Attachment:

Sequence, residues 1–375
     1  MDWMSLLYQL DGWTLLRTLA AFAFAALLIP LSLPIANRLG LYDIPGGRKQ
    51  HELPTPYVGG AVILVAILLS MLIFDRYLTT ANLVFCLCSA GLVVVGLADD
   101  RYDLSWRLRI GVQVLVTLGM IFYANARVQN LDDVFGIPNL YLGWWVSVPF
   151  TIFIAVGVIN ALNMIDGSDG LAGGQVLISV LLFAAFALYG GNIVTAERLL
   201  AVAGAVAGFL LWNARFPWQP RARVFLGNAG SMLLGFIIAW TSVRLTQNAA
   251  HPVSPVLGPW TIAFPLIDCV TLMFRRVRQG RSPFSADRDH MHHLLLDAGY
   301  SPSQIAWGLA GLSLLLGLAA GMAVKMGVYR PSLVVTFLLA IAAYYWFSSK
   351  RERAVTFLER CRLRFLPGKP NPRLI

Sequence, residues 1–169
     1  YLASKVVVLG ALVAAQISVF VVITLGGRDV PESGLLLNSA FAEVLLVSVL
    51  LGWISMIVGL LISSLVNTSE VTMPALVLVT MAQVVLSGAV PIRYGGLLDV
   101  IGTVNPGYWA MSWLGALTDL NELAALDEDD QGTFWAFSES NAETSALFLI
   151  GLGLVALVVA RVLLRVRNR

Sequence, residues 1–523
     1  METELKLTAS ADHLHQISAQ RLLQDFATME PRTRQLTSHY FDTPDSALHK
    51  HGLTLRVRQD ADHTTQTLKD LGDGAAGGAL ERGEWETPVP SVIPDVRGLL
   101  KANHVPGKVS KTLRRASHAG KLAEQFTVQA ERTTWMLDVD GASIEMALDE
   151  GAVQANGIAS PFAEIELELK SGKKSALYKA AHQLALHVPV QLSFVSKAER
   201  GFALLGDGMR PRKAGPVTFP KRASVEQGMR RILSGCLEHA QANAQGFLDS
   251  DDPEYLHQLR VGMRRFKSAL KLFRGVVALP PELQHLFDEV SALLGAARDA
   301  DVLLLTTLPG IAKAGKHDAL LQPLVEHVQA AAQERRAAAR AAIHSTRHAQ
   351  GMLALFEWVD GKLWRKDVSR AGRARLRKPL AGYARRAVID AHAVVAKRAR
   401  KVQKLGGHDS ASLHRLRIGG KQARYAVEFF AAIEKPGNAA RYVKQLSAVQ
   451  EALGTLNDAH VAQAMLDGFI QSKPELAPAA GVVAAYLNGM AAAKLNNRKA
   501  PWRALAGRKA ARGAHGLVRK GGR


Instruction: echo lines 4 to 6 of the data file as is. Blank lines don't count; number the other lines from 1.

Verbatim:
   101  RYDLSWRLRI GVQVLVTLGM IFYANARVQN LDDVFGIPNL YLGWWVSVPF
   151  TIFIAVGVIN ALNMIDGSDG LAGGQVLISV LLFAAFALYG GNIVTAERLL
   201  AVAGAVAGFL LWNARFPWQP RARVFLGNAG SMLLGFIIAW TSVRLTQNAA